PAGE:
MoBay entertainment players reject potential ‘handout’ | Entertainment

Some members of the entertainment fraternity in Montego Bay have rejected the $50-million allocation that the Government promises to put towards the industry.

Several of them are not pleased with the Government’s stance on entertainment, as they feel that they are being slighted in favour of tourists.

Citing the recent case in Negril where Mocha Fest was allowed to go on for almost one week undisturbed, Paul ‘Maxvillian’ Bailey says there cannot be one law for the rich and one for the poor.

“If the prime minister says no party must keep in Jamaica, then none must keep. You can’t have one set of people staging parties because they are upper class, and we, the lower class, are either being chased by police or locked up. Borders are opened up for tourists and they can enjoy my country, and I can’t. I am tired of the double standards, and we want equality,” Bailey said. “The $50 million that the Government says they will allocate to us, while it looks appealing, it will not be beneficial to us.”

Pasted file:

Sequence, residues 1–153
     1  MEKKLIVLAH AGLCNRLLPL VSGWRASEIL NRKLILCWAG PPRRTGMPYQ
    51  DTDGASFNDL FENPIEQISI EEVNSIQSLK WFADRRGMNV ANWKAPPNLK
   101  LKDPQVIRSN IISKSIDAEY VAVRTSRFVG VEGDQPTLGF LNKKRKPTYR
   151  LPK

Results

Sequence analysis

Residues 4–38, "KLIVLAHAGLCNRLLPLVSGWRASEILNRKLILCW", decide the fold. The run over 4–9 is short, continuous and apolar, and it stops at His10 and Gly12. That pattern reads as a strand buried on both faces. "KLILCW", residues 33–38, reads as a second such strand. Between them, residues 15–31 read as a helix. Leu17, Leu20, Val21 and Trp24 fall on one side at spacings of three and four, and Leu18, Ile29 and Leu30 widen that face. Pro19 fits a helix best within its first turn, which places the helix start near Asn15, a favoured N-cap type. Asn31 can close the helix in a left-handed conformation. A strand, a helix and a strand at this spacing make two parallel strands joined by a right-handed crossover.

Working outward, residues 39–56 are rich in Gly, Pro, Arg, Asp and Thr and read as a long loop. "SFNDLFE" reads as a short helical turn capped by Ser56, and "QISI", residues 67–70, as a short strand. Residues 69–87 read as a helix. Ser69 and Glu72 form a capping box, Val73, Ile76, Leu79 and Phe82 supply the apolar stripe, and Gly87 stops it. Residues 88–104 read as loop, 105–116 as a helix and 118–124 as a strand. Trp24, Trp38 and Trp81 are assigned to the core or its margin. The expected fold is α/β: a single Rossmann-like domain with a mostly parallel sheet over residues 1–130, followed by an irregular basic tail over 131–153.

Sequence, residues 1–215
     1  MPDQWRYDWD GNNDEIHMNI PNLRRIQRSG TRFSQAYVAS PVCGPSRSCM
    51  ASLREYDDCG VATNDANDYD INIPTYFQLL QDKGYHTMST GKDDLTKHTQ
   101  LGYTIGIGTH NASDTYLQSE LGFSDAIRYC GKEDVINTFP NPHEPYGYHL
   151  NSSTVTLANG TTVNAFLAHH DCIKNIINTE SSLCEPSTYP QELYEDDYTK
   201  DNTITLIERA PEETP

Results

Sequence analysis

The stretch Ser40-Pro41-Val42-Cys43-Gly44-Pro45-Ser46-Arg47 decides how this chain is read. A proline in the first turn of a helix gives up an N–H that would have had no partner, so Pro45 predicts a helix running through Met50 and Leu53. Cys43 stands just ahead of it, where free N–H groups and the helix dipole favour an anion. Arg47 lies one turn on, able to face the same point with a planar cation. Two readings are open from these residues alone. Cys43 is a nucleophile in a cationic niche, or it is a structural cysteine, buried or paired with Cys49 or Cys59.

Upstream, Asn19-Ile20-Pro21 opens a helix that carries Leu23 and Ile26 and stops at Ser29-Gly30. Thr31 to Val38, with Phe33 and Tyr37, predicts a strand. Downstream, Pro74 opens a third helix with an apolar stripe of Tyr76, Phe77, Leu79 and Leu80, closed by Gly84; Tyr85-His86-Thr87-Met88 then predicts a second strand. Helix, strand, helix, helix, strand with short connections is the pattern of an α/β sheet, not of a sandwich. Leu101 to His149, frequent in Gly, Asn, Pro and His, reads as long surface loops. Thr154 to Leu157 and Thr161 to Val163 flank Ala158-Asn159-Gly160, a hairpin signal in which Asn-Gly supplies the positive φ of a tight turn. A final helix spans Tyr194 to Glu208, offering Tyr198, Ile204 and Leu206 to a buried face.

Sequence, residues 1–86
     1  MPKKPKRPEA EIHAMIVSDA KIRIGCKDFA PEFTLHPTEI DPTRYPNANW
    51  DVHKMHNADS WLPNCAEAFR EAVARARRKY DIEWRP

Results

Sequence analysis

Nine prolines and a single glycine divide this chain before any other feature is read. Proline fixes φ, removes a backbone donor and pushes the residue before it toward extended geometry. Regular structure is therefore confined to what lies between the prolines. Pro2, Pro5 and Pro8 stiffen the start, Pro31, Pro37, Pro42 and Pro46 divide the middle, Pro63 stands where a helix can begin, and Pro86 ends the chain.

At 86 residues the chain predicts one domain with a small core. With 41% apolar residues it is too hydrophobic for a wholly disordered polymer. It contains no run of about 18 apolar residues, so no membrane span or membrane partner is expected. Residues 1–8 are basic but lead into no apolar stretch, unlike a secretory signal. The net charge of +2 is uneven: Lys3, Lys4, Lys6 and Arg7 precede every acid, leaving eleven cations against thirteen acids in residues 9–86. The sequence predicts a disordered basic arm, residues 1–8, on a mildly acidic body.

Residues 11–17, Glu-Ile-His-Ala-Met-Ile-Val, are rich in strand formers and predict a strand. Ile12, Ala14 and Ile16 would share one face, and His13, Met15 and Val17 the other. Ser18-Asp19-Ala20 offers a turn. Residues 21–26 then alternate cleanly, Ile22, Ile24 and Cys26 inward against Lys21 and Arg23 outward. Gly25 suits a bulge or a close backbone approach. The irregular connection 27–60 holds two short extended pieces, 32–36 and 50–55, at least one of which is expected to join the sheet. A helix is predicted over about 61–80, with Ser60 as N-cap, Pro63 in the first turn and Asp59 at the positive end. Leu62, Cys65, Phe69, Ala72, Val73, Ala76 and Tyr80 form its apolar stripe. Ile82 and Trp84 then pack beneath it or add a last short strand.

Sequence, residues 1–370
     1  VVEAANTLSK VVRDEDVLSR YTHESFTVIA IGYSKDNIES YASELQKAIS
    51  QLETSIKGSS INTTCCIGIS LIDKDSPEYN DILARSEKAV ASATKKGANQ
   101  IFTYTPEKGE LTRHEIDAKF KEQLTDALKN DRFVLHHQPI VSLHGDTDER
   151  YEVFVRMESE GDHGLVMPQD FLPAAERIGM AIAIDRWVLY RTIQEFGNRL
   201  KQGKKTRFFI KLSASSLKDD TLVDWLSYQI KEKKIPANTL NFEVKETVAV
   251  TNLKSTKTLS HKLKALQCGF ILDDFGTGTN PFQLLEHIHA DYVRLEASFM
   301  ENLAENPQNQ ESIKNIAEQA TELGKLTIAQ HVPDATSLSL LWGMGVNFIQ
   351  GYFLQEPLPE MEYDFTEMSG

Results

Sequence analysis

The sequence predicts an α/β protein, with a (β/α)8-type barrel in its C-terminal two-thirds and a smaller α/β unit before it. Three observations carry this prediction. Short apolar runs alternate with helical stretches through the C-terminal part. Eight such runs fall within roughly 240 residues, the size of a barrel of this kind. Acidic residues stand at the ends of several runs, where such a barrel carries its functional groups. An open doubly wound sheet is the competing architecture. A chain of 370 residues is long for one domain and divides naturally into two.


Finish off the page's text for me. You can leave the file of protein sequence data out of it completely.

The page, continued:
Bailey said the sum will not be feasible because the sector is too big and the money cannot be shared for so many people.

“We believe they should use it to buy beds for hospitals, because there are people who are sick that have no bed to lay on. We suggest that instead of giving us handouts, the Government should reopen the sector and give us a chance to generate our own earnings,” said Bailey.

Popular disc jockey Shawn ‘DJ Kentucky’ Stewart told THE STAR that he is not convinced that the promises will be fulfilled.

“They have special corridors to host events for foreigners and clamp down on locals. This makes no sense, because this is one country and we are one people. I am tired of the bias and inequality in this country. When I look overseas, other countries have their entertainment industry opening up. What is the difference here in Jamaica?” he asked.

In an April article, The Gleaner reported that the entertainment and sporting sectors had lost J$2.5 billion in February and March.

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